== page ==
What do children like to DO outdoors?
  • Well, since NW have very kindly set up an outdoor forum, it would be rude not to use it!

    I'm in the middle of writing a book of outdoor play ideas... I have lots, just need to get around to writing them up :-( So my question isn't really 'please share your ideas' so much as 'please can you tell me what your children love to DO outdoors'. I ask because I'm interested in the types of activity they like or the kinds of play they engage in (rather than the resources or fixed features they HAVE) - which should bring out a different set of answers.

    It will be interesting to hear how children are playing outdoors. I'm keen that the book has a good balance of types of activity (e.g. I have ones focused on creativity / manipulative play / problem solving / collaboration) with plenty of new ideas for the areas of development practitioners feel are most important outdoors.

    Thanks, and may the outdoor play conversation flow!

    NB: this is me www.playlearninglife.org.uk and I am happy to answer questions on here if I can help anyone.
  • Our outdoor garden has mounds, tyres, logs, tree stumps, green house, planting and digging...There are planks, crates tubes, guttering and all things recycled....we have old garden furniture and adult wheel barrows, we have old bicycles, prams and adult tool boxes for tinkering, we have little hideaways behind hedges and wisteria covered trellis creating spaces for communication - its the children's space, a sacred space where adults are only there by invitation (or hovering at a distance in awe and wonder!)...... all our outdoor resources are open ended.... we don't set it up because children revisit what they had left the day before..
  • Our children love the independence when playing outdoors. We have wet weather clothes and wellies and once kitted out they enjoy playing in the water area and the recently introduced mud kitchen.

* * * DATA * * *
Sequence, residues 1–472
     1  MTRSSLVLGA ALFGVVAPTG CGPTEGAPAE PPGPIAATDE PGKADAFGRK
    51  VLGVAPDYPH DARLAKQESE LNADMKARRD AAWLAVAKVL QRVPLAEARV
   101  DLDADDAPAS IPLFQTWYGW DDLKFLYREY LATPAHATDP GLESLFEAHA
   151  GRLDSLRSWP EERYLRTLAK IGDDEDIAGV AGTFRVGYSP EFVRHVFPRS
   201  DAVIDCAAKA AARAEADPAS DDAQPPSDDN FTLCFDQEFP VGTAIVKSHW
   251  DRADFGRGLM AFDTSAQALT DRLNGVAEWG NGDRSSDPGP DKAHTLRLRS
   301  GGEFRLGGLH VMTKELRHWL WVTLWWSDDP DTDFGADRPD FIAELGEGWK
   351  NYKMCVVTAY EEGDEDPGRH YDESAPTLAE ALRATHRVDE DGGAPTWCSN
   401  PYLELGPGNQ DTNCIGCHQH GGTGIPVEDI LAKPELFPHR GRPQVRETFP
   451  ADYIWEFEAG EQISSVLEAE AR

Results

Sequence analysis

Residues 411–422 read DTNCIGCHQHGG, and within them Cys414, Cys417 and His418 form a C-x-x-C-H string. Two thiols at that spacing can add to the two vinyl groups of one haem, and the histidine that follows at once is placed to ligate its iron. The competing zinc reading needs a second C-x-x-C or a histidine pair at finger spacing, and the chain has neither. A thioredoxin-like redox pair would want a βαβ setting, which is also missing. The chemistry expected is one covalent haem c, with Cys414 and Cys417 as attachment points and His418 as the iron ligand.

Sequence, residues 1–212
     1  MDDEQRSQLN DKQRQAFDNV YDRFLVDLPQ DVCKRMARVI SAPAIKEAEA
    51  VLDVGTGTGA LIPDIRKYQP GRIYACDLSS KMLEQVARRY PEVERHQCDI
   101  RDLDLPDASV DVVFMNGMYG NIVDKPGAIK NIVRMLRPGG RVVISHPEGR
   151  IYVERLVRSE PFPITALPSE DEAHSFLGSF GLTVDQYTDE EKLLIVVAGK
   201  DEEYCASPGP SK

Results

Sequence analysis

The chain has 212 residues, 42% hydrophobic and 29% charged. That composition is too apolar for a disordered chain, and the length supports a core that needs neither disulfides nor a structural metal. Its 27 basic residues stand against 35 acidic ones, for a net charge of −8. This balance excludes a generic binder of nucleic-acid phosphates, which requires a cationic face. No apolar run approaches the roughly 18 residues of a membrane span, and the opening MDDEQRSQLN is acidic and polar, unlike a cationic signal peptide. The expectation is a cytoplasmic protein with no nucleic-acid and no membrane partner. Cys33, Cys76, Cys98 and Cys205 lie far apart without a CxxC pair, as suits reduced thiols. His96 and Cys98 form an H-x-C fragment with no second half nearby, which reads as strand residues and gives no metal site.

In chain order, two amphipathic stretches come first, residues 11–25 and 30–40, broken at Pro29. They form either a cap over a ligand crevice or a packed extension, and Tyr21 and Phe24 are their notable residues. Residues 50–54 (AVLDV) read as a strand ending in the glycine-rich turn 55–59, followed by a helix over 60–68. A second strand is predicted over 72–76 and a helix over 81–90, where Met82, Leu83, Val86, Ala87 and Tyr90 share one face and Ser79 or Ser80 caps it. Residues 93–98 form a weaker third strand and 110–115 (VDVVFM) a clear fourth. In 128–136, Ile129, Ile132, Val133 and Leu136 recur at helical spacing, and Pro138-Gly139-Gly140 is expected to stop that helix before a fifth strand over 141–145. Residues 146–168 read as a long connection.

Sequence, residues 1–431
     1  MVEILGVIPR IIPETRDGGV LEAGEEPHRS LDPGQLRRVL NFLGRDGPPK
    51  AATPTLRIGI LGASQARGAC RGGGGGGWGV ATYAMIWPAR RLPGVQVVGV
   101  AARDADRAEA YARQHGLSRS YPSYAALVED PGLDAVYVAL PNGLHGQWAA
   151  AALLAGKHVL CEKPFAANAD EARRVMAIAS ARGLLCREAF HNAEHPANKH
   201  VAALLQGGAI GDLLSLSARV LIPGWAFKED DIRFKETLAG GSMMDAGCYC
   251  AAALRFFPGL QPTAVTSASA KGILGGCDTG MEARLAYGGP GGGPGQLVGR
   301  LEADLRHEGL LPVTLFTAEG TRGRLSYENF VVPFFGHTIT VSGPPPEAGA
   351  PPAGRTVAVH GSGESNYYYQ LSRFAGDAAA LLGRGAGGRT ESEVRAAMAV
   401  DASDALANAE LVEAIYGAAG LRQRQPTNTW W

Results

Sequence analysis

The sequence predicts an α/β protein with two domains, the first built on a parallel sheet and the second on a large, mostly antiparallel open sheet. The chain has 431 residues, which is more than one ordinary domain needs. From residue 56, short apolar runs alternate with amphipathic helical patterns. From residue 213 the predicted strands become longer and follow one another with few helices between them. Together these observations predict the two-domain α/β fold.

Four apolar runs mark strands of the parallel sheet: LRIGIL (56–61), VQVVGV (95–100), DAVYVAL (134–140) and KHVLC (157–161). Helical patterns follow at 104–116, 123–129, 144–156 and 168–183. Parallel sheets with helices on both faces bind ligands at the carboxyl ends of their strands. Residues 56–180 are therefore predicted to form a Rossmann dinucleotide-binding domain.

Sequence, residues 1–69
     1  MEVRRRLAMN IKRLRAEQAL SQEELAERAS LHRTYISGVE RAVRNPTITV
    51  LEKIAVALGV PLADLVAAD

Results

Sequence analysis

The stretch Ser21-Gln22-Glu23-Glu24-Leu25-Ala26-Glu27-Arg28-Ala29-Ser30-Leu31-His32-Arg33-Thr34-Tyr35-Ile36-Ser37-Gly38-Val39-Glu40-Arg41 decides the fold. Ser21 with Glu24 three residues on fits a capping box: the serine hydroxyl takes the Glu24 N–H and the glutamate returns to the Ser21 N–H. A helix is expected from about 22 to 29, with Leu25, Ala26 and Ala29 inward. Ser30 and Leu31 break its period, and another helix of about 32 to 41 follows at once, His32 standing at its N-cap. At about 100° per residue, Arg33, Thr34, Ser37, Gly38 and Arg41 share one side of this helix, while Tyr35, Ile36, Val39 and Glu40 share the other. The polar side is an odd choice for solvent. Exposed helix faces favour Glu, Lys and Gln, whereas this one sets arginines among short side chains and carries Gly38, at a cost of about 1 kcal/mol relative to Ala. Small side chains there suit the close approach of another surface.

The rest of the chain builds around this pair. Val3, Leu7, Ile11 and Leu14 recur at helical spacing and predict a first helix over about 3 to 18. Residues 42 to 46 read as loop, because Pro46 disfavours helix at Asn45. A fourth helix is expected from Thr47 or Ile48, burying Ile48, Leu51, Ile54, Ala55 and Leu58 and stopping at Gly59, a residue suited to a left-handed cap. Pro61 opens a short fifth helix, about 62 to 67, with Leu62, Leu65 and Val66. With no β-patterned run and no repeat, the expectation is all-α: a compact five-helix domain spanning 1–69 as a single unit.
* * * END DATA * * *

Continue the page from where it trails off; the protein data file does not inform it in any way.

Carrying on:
• Our children love the freedom the outdoor space allows them. The opportunity to run, explore, create and use their loud voices! Gardening and nature based activities are always popular and it is encouraging to hear them talking about the gardening activities they get involved with at home, particularly with grandparents.
    Another very popular outdoor activity is also the opportunity to use the bikes, however, as practitioners we were concerned that the tricycles were not challenging enough and not enhancing the skills of many of our children (our setting is an early years unit in a school). This year we have purchased some two wheeler bikes and some balance bikes and look forward to seeing how the children respond to these.
  • One bugbear of mine is those nurseries who believe that all activities inside can be done outside. Loose paper for drawing on a windy day and books on a rainy day mean paper across the garden and pages stuck together. You can have art activities, but treat the garden as good but different to inside. Loose paper out, chalk boards or brushes and water for the paths and walls in. Books in a book tent/shed fine, but there are other ways to get language in a garden.
    The thing that annoys me most is water play outside. Fine for the summer, but if a child puts hands in a water tray in January, they will be in PAIN within minutes. In cold weather wet equals cold. Save outside water play for the hot weather.
  • Our outdoor area has a water wall. area for digging, sand, role play. We have a slide and seesaw. We are looking into a mud kitchen and also our children enjoy water and paint brushes on the walls etc so they can write.
  • I have found Forest School is a great idea to do, especially as some children prefer to learn outside and get all dirty.
    I find boys like to play superhero games and ride bikes, where as the girls like to play in the mud kitchen and bake cakes.

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